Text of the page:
CD28 was identified in early 1980s by Martin and colleagues by monoclonal antibodies recognizing a 44 kDa protein on the surface of human T lymphocytes (Martin et al. 1980). Further experiments from Gmunder and Lessener evidenced the crucial role of this molecule in costimulating T cell responses by synergizing with PHA in inducing T cell proliferation (Gmunder and Lesslauer 1984). Later in 1987, Aruffo and Seed cloned the cDNA of human CD28 and showed that it encodes for a 23 kDa glycosylated type I transmembrane protein expressed as disulfide-linked homodimer on the surface of 80 % of human CD4+ T cells, 50 % of human CD8+ T cells (Aruffo and Seed 1987). In mouse, CD28 was cloned in 1990 by Gross and colleagues and found expressed on 100 % of both CD4+ and CD8+ T cells (Gross et al. 1990). In the same years, the natural ligands of CD28 were also identified. In 1989, Freeman and colleagues identified B7.1 also known as CD80 on the surface of activated B lymphocytes (Freeman et al. 1989) that further studies from Azuma and colleagues demonstrated to bind to CD28 (Azuma et al. 1993). Later, the same group also cloned and identified B7.2 or CD86 as a CD28 binding partner (Freeman et al. 1993). Since its discovery, it has becoming clear that CD28 was the most prominent co-stimulatory molecule able to deliver the signal two necessary for full T lymphocyte activation. The two signal model of T lymphocyte activation predicts that optimal T cell response to antigen is achieved following the recognition of peptide-major histocompatibility complex (MHC) by TCR (signal one) together with a subset of co-stimuli (signal two), generally provided by counter-receptors expressed on the surface of APCs. Extensive in vitro and animal model studies demonstrated that CD28 delivers signals that complement TCR in both qualitative and quantitative manners, thus promoting/enhancing cell proliferation, high levels of cytokines, cell survival and T cell differentiation. More recent studies also evidenced the ability of CD28 to function in a TCR independent manner (Porciello and Tuosto 2016).

CD28

TUOSTO, Loretta
Co-primo
Writing – Review & Editing
2018

Abstract

CD28 was identified in early 1980s by Martin and colleagues by monoclonal antibodies recognizing a 44 kDa protein on the surface of human T lymphocytes (Martin et al. 1980). Further experiments from Gmunder and Lessener evidenced the crucial role of this molecule in costimulating T cell responses by synergizing with PHA in inducing T cell proliferation (Gmunder and Lesslauer 1984). Later in 1987, Aruffo and Seed cloned the cDNA of human CD28 and showed that it encodes for a 23 kDa glycosylated type I transmembrane protein expressed as disulfide-linked homodimer on the surface of 80 % of human CD4+ T cells, 50 % of human CD8+ T cells (Aruffo and Seed 1987). In mouse, CD28 was cloned in 1990 by Gross and colleagues and found expressed on 100 % of both CD4+ and CD8+ T cells (Gross et al. 1990). In the same years, the natural ligands of CD28 were also identified. In 1989, Freeman and colleagues identified B7.1 also known as CD80 on the surface of activated B lymphocytes (Freeman et al. 1989) that further studies from Azuma and colleagues demonstrated to bind to CD28 (Azuma et al. 1993). Later, the same group also cloned and identified B7.2 or CD86 as a CD28 binding partner (Freeman et al. 1993). Since its discovery, it has becoming clear that CD28 was the most prominent co-stimulatory molecule able to deliver the signal two necessary for full T lymphocyte activation. The two signal model of T lymphocyte activation predicts that optimal T cell response to antigen is achieved following the recognition of peptide-major histocompatibility complex (MHC) by TCR (signal one) together with a subset of co-stimuli (signal two), generally provided by counter-receptors expressed on the surface of APCs. Extensive in vitro and animal model studies demonstrated that CD28 delivers signals that complement TCR in both qualitative and quantitative manners, thus promoting/enhancing cell proliferation, high levels of cytokines, cell survival and T cell differentiation. More recent studies also evidenced the ability of CD28 to function in a TCR independent manner (Porciello and Tuosto 2016).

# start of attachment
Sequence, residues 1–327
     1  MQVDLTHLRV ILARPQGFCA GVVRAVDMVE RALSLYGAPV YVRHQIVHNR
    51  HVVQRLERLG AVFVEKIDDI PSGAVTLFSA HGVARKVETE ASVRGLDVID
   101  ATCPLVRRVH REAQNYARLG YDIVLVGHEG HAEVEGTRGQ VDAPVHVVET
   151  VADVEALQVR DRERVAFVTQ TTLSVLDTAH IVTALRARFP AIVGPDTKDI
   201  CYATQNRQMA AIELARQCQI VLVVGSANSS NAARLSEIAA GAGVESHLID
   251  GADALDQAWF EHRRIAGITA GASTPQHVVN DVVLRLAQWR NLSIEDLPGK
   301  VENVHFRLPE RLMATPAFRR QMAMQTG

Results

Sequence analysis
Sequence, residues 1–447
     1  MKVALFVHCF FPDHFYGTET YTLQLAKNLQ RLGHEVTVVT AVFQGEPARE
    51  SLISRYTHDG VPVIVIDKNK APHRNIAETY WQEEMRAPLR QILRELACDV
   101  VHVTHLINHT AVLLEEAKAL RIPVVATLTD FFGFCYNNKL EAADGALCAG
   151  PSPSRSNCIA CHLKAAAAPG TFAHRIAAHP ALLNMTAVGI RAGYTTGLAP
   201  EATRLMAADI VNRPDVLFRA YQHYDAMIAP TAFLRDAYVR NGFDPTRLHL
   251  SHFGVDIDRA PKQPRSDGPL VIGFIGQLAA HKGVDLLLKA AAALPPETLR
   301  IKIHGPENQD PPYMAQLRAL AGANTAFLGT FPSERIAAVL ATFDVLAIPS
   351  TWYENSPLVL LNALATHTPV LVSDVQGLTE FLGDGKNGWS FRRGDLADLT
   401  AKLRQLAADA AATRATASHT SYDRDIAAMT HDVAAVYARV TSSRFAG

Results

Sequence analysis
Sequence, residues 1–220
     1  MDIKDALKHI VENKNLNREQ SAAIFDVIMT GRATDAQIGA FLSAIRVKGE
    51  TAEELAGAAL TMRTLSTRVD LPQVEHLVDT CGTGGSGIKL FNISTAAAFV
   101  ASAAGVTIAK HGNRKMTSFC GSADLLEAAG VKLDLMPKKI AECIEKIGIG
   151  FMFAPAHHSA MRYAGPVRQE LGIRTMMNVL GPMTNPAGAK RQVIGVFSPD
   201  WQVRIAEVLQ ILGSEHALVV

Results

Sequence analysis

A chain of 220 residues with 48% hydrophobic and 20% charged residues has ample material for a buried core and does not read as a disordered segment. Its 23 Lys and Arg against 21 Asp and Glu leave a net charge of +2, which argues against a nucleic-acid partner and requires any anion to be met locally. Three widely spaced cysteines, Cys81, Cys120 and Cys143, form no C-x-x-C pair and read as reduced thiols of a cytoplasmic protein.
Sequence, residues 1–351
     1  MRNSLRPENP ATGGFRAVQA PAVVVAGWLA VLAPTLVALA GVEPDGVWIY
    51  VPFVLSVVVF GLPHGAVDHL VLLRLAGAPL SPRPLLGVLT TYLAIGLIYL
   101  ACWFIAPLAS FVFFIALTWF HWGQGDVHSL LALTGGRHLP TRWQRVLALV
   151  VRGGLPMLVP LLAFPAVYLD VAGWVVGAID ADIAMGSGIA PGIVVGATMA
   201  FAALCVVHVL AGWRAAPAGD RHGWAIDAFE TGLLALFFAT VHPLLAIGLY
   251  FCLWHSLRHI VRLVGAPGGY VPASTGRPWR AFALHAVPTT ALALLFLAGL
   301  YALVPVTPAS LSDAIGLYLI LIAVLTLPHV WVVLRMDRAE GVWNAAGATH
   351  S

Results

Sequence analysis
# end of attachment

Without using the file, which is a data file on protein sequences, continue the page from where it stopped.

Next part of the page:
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Utilizza questo identificativo per citare o creare un link a questo documento: http://hdl.handle.net/11573/927617
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